Monday, August 18, 2008

Historical Origin of 7 Superstitions

Drawing of black cat with yellow eyes

We often hold onto superstitions in a blind and rather stubborn fashion despite evident knowledge of overwhelming scientific evidence to the contrary. We label superstition as child play and fancy, yet secretly cross fingers or knock on wood.

It’s not easy to dismiss something that has been practiced for several centuries. Superstitious beliefs did not just pop up overnight but have gradually evolved and been transmitted from generation to generation. They make up a large part of our culture and are resistant to the many onslaughts of reason.

Probably most of us engage in superstitious acts once in a while. When someone praises me, for example, I cannot help but look for a piece of wood to knock on. When a mirror breaks in our house, I am filled with worry and count down the next seven years of bad luck coming my way.

But how did these superstitious beliefs evolve; what was their starting point? And why are certain random seeming acts considered an omen of bad luck? Here is a list of seven popular beliefs and their historical origin:

1) Walking under a ladder brings bad luck. The reason is simple; the ladder and the wall come to represent a triangle and, as such, it becomes a symbol of God, the Holy Spirit and the Son. Entering that triangle demonstrates disrespect towards holiness and leads to bad luck.

2) The previously mentioned knocking on wood comes from pagan beliefs of good spirits living in the woods. They can be found in trees and all wooden material. By knocking on a wooden surface they are supposedly released and can come and protect you from envy and harm.

3) Spilling salt is a sign of misfortune because of the history of salt. It used to be a highly sought-after and very expensive commodity. It was also used for medicinal purposes. So wasting it would have been a capital offense. Let alone that people at one point used to get paid in salt and hence the word sal-ary.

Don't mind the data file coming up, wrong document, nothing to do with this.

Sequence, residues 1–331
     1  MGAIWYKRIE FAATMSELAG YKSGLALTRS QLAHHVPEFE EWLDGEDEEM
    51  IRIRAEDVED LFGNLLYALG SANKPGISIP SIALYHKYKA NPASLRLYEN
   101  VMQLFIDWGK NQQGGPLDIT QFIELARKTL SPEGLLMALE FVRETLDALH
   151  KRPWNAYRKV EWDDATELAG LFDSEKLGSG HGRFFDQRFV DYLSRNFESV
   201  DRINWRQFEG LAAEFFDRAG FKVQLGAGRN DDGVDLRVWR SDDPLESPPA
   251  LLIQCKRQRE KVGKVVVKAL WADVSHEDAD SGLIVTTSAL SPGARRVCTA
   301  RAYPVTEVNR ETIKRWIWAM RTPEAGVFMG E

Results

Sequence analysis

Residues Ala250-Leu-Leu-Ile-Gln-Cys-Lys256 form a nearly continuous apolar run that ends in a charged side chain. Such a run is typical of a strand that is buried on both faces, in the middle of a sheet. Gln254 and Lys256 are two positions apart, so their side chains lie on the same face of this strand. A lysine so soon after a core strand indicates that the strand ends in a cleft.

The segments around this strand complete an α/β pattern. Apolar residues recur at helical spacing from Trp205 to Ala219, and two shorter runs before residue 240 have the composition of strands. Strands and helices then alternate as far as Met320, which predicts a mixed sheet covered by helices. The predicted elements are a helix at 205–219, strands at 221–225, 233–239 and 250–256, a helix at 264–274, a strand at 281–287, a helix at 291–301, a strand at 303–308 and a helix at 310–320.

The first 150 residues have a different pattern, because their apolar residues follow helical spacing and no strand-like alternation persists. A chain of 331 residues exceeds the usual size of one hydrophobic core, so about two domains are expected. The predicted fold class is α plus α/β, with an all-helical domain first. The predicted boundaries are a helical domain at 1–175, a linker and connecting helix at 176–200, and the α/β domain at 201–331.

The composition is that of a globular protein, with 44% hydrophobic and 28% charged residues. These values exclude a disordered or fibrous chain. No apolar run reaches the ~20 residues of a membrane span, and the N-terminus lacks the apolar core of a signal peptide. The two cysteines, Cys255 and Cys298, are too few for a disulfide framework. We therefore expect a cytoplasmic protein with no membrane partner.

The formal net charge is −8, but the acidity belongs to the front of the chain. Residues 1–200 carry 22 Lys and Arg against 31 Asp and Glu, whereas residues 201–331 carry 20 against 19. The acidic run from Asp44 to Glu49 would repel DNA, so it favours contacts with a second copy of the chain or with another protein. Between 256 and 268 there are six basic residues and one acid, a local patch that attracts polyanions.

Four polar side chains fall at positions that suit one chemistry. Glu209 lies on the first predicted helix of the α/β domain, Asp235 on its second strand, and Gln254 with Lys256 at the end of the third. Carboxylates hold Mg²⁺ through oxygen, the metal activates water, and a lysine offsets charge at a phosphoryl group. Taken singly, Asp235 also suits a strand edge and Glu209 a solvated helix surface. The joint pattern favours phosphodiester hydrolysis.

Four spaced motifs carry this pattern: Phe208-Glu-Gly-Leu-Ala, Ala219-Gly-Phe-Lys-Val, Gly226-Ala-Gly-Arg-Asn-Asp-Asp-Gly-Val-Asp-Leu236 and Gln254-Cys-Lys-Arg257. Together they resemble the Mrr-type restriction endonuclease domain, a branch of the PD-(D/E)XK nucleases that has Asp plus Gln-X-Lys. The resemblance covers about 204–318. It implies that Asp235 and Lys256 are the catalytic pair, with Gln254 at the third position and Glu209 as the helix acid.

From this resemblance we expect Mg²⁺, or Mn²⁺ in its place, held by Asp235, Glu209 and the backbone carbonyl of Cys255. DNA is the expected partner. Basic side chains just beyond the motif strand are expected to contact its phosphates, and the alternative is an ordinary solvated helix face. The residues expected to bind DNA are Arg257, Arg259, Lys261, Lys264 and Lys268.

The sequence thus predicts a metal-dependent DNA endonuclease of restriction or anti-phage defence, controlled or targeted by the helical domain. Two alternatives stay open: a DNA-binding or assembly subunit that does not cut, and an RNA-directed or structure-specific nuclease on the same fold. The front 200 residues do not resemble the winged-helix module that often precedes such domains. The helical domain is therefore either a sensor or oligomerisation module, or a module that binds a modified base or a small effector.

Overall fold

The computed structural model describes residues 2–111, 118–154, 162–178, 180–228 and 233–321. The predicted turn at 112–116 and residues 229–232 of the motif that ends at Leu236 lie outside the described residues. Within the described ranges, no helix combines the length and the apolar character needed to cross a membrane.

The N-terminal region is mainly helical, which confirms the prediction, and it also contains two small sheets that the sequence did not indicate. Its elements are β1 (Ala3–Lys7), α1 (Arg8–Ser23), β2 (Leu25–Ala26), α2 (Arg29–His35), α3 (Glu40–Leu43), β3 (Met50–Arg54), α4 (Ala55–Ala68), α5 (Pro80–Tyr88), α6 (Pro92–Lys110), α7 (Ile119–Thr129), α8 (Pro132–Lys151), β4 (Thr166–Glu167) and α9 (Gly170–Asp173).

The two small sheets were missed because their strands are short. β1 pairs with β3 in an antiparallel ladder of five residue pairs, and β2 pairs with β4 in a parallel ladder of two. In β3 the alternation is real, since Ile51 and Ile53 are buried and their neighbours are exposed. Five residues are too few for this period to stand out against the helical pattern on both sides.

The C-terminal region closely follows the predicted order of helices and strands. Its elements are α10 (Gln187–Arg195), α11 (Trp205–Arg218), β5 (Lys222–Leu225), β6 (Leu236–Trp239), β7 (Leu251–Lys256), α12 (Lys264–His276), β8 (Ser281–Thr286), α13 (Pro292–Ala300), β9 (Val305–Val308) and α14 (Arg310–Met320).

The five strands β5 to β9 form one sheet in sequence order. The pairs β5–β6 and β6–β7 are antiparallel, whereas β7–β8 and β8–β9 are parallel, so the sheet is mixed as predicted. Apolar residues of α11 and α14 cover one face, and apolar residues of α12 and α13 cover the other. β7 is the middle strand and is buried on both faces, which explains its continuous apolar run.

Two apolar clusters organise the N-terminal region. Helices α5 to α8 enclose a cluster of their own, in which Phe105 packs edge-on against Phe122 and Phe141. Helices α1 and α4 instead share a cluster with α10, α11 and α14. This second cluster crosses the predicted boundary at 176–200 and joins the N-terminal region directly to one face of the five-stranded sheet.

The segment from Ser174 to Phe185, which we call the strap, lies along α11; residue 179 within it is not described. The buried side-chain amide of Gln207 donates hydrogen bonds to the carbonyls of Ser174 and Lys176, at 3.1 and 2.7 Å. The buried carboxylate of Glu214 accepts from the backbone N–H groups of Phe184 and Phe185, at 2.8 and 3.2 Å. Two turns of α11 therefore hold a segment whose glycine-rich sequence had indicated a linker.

4) Why is Friday the 13th a day of misfortune? Jesus was crucified on a Friday, and he was surrounded by 12 disciples with one of them out to betray him. Noah's flood supposedly started on a Friday; Adam and Eve were apparently expelled on one such day. Also whenever 12 witches get together, their 13th member is the devil himself. And then there's good old Jason ...

5) You should not open umbrellas inside the house. Umbrellas were used not only to protect against rain and sun rays, but also to ward off evil spirits outside. Opening them inside was a sign of disrespect.

6) Black cats are a sign of bad luck. This belief also has Christian origins. The Egyptian goddess Bast's symbol was a female black cat. Christian priests who wanted to wipe out her influence once and for all, claimed that black cats cut you off from God and block the entrance to heaven. Also during the witch hunt, black cats were believed to be personifications of other more experienced witches.

7) And finally, breaking a mirror brings you seven years of bad luck. This goes back to the Romans who thought that the reflection of the self also contained the soul. When mirrors broke, a part of the self was thought to be harmed. The good news was that Romans believed that you can recover from your "broken self," but you would have to be patient: For them life renewed itself every seven years.

So believe and follow them or dismiss them as folly, but superstitions have been deeply embedded in our cultural and religious psyche and heritage. In other words, they are not that easy to get rid off. And we can be on the safe side and give them some type of nod or acknowledgement. After all, there may be a kernel of truth in them or else superstitious beliefs would not have survived so long.

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